Independent Childbirth Education

What is an Independent Childbirth Educator?

Ever since Eve, women have turned to their mothers, sisters, and friends with questions about pregnancy, labor, birth, and postpartum. It’s only natural to want a woman’s opinion, insight and knowledge of these life-changing times, which only other women can truly relate. But we’re industrialized now. Birth is institutionalized—taking place now in unfamiliar hospitals, with unfamiliar nurses, and all sorts of unfamiliar machines and technology. Also, many women—perhaps even most women—of the past couple of generations were under general anesthesia at the time of their children’s births, and can tell their daughters little or nothing about the birth experience. A lot of natural, normal, woman-to-woman birth knowledge has been lost this way. This is where an independent childbirth educator comes in.

An independent childbirth educator answers only to you, the client. This is not a job, but a calling. Some may be trained and/or certified to use certain methods, such as Lamaze or The Bradley Method®; but many are self-taught and self-trained, developing our own curriculum to best fit our personal teaching styles and the birth environment in which our clients give birth. Whether you are planning to give birth at a hospital or at home, an independent childbirth educator can give you the information you need in order to have the best birth possible. We will teach you about normal labor, birth, and postpartum, as well as the many “variations of normal” that exist. You will learn the facts about induction, C-section, epidural, episiotomy, external fetal monitoring, ultrasound, etc. You will learn how labor “works,” as well as things that can help it along, or slow it down. You will get facts, not fear. This information is given so that you can make the best decision for you, considering all the facts and possibilities, benefits and risks. There is no hidden agenda here—you will be making the decision, so it is only right that you have all the information about all of your choices.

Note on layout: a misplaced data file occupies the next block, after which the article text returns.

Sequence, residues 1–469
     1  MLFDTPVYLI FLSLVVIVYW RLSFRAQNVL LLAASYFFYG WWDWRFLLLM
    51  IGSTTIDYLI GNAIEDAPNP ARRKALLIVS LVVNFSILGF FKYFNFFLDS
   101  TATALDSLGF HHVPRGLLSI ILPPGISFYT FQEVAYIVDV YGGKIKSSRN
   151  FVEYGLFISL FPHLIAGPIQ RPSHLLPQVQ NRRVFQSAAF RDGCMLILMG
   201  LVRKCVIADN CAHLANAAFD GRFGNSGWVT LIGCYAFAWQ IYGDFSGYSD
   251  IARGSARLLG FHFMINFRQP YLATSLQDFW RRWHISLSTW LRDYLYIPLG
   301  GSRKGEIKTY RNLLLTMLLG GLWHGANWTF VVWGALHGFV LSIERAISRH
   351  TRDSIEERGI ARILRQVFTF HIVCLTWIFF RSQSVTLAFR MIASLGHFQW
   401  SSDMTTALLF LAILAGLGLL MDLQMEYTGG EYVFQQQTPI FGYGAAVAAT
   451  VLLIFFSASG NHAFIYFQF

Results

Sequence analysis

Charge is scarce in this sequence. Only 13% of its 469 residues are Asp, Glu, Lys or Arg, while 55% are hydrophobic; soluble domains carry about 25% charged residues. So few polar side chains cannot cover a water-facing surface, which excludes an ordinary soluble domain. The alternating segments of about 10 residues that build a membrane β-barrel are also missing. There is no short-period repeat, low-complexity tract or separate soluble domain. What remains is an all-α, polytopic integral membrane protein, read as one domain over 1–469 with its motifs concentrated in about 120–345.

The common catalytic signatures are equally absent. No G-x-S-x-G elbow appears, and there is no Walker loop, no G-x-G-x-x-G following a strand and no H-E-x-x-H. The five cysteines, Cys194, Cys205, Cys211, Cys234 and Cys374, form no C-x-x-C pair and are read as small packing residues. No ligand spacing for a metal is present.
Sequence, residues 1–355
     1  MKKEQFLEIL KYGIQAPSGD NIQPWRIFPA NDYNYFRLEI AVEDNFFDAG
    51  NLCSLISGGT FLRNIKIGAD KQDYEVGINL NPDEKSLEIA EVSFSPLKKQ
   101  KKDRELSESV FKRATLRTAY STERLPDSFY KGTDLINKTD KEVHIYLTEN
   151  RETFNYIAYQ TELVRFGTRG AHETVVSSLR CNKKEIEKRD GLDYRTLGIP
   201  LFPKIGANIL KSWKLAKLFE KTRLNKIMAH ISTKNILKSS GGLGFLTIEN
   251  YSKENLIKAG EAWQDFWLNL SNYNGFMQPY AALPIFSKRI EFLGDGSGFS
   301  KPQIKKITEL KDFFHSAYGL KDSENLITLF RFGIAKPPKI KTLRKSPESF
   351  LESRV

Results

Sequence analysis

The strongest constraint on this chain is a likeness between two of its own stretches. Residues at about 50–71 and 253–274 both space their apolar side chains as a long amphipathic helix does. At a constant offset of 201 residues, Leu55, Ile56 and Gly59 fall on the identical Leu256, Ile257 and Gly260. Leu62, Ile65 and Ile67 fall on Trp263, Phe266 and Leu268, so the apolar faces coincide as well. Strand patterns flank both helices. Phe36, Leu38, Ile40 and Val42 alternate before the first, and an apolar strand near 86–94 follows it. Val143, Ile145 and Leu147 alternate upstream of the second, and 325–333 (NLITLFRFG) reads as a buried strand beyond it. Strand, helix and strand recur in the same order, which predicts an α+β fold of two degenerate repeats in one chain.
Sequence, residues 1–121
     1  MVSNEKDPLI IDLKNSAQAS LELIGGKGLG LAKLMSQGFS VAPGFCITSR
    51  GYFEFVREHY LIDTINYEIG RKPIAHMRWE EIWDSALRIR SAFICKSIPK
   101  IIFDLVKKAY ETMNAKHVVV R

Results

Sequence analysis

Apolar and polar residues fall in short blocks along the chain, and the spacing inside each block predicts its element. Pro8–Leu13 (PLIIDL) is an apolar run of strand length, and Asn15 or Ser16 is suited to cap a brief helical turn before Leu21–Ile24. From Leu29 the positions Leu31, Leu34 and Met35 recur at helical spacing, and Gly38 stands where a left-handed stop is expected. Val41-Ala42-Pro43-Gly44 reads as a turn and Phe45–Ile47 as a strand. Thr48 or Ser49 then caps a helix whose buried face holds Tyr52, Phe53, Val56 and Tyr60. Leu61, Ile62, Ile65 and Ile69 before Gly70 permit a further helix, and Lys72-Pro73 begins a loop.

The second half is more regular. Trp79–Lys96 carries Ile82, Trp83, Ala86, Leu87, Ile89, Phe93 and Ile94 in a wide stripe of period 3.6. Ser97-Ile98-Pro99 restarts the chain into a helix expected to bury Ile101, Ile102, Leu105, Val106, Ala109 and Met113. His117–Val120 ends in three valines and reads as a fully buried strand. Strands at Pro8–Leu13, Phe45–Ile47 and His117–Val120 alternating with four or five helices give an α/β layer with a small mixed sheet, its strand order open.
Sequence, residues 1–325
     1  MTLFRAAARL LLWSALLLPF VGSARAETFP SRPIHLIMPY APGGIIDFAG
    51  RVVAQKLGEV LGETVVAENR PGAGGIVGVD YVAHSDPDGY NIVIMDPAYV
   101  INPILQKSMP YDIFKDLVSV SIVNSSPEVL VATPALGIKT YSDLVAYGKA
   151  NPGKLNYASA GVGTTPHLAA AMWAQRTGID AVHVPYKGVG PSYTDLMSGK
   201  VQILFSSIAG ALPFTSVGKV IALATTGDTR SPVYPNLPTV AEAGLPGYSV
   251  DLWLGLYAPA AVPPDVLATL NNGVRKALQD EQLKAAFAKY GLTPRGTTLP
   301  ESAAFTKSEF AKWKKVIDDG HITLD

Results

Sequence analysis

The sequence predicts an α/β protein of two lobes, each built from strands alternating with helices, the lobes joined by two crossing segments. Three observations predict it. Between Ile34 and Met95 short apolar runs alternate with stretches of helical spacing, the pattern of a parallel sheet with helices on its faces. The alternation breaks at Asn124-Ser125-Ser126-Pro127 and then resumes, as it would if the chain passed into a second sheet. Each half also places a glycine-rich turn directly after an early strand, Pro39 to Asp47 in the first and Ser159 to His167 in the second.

“Won’t I learn all this if I take the hospital course?” Hospital birthing classes are designed to inform you of the typical procedures you will likely encounter while laboring and giving birth at the hospital. This information does not just prepare you for contingencies—the “what ifs”—but it also prepares you to accept whatever happens as both normal and inevitable, when it may in fact be neither. When hospitals have a policy that laboring women are not allowed to get out of bed, you will not learn in their “prepared childbirth classes” that walking can help your labor progress, as well as make you less likely to need pain medication, or to have your labor augmented by Pitocin, or to end in a C-section. When the hospital policy is that laboring women are denied food and water (regardless of how long labor lasts), you will not be taught the detrimental effect this can have on your labor experience—that not only is it possible your labor will become dysfunctional from lack of food, thus “necessitating” a C-section or labor augmentation, but you will be more likely to have a higher degree of pain, and become more irritable, and might even request a C-section to end your labor so you can eat again. When hospitals make more money in less time from women having C-sections instead of laboring and giving birth vaginally, you will be extremely unlikely to learn ways to avoid this major abdominal surgery. Hospital-based birth educators must teach in accordance with the hospital’s set policies and protocols, regardless of the lack of any benefit, and in spite of the proven risks. And you will not learn from your hospital-based educator how to avoid or minimize the detrimental effect these policies may have on your labor.

You will remember the circumstances surrounding your labor and birth for as long as you live. You don’t have to have a generic, almost “assembly line” experience. Invest just a few hours in making this life-changing time an empowering event.

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